The Hygiene Hypothesis Revisited

Department of Pediatrics, University of Wisconsin-Madison, K4/910 CSC, 600 Highland Avenue, Madison, WI 53792-9988, USA.
Immunology and Allergy Clinics of North America (Impact Factor: 1.82). 06/2005; 25(2):247-62, v-vi. DOI: 10.1016/j.iac.2005.03.005
Source: PubMed


The original hygiene hypothesis proposed that reductions in family size and exposure to childhood infections were responsible for the rise in atopic diseases. Numerous epidemiologic and longitudinal studies have been performed to test this hypothesis, which has evolved in response to these findings and emerging concepts related to the innate immune response and immunoregulatory mechanisms. Collectively, these advances raise hope that the concepts espoused in original hygiene hypothesis may soon lead to new preventive approaches to atopic diseases.

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    • "An inhibition of tumor cell proliferation has also been associated with certain types of parasites [8]. These findings support the hygiene theory whereby a decrease in exposure to infectious agents early in life is predicted to increase susceptibility to allergies, and perhaps autoimmune diseases [9–11]. Protoscolices are small masses with four suckers and a double row of hooks and each is capable of developing into an adult worm in the intestine of the final host. "
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    ABSTRACT: Both in vitro and in vivo models have demonstrated that some parasites can interfere with tumor cell growth. The present study investigates the anticancer activity of hydatid cyst protoscolices on WEHI-164 fibrosarcoma cells and baby hamster kidney (BHK) fibroblast cells in vitro. Those above two cell types were treated with live hydatid cyst protoscolices or left untreated for control groups. After 48 h, lactate dehydrogenase (LDH) and cell counts were assayed for both treated cells and control groups. Following treatment with hydatid cyst protoscolices, cell proliferation of both cell types was inhibited, and lysis of fibrosarcoma cells increased. Based on these results, it appears that hydatid cyst protoscolices have strong anticancer activity, and additional studies are needed to further clarify the mechanisms of this activity.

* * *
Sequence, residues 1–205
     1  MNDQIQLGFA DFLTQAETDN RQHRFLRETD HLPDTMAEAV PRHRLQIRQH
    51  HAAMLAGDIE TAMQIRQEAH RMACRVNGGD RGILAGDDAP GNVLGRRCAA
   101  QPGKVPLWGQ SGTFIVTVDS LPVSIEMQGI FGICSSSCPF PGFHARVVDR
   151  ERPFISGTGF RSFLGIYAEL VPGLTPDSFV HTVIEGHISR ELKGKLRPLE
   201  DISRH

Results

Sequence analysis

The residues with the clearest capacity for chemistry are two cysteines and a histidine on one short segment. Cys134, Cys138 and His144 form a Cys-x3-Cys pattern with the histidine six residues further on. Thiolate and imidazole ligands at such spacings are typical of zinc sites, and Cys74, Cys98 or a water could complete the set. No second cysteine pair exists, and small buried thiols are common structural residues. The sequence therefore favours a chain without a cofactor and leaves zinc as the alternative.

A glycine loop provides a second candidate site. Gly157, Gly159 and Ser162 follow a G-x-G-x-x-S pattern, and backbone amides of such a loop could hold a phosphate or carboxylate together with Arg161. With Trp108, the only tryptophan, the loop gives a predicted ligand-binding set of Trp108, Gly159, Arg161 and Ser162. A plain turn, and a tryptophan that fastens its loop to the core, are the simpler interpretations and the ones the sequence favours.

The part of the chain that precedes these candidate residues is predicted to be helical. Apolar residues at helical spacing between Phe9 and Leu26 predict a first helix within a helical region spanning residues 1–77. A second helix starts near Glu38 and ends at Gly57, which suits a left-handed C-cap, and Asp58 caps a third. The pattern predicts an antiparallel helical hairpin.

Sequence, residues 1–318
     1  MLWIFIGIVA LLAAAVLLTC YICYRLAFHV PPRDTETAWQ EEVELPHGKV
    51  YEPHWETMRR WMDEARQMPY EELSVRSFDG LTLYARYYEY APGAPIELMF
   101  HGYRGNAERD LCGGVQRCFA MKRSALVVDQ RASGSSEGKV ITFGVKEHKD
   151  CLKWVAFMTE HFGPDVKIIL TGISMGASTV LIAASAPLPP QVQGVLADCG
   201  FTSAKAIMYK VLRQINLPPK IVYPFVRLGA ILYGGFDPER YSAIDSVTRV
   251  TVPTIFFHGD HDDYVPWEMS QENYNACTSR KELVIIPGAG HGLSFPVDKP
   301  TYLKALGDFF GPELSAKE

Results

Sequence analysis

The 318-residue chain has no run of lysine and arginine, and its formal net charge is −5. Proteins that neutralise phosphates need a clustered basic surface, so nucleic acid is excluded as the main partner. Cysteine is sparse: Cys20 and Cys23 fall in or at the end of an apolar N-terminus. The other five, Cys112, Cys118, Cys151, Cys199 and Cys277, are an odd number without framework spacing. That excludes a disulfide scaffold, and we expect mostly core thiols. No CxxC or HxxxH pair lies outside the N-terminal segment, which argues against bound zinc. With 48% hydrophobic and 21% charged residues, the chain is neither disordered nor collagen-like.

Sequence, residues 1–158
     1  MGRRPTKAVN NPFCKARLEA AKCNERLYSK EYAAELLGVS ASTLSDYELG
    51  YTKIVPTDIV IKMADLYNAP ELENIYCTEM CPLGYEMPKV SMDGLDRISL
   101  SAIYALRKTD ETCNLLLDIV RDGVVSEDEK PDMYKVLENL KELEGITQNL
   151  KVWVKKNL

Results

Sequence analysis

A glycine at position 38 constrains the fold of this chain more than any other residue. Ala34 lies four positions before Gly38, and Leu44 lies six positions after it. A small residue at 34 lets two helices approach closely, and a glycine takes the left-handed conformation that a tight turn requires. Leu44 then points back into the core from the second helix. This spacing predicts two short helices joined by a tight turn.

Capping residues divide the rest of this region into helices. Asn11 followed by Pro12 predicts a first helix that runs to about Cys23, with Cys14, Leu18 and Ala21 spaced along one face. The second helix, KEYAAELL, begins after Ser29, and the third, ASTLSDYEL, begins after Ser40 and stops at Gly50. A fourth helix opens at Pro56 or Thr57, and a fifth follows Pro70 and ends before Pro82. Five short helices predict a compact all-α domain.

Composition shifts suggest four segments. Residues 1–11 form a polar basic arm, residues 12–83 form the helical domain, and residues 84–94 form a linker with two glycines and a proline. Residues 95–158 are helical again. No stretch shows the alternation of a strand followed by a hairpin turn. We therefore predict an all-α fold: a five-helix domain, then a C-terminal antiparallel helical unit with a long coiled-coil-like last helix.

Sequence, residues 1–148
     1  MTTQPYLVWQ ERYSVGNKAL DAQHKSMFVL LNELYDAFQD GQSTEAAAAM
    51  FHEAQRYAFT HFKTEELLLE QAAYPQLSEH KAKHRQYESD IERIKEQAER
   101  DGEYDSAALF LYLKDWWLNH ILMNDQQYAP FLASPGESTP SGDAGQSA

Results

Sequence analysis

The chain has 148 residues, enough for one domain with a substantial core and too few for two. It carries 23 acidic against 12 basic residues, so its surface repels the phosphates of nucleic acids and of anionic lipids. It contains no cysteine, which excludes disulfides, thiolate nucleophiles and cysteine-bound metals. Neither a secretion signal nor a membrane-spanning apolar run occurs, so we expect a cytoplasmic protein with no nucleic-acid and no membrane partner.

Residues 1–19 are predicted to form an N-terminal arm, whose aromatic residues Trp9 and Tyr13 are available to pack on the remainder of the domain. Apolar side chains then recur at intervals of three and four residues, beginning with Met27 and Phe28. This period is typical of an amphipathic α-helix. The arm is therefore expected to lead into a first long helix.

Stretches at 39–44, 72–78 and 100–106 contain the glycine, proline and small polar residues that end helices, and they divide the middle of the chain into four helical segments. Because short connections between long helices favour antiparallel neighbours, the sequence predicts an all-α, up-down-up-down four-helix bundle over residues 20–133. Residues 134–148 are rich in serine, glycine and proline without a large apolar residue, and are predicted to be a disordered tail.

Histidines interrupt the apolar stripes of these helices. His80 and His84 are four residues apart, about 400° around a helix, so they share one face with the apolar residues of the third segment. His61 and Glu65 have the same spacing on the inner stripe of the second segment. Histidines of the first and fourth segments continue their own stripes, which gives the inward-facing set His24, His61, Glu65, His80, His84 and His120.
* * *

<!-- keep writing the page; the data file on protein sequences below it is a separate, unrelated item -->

Full-text · Article · Jan 2012 · Journal of Parasitology Research
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    • "Early childhood exposure to certain pathogens may actually be protective against atopy and/or asthma, termed the "hygiene hypothesis" [71]. This highly controversial idea was borne from early observations showing the risk of developing allergy and/or asthma was inversely related to the number of children in the family [72]. "
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    ABSTRACT: There is a growing list of viruses and bacteria associated with wheezing illness and asthma. It is well known that a few of these pathogens are strongly associated with wheezing illness and asthma exacerbations. What is not known is if early childhood infections with these pathogens cause asthma, and, if so, exactly what are the pathophysiologic mechanisms behind its development. The current consensus is respiratory infection works together with allergy to produce the immune and physiologic conditions necessary for asthma diasthesis. One link between respiratory infection and asthma may be the eosinophil, a cell that plays prominently in asthma and allergy, but can also be found in the body in response to infection. In turn, the eosinophil and its associated products may be novel therapeutic targets, or at the very least used to elucidate the complex pathophysiologic pathways of asthma and other respiratory illnesses. Together or separately, they can also be used for diagnosis, treatment and monitoring. The optimal care of a patient must take into consideration not only symptoms, but also the underlying disease mechanisms.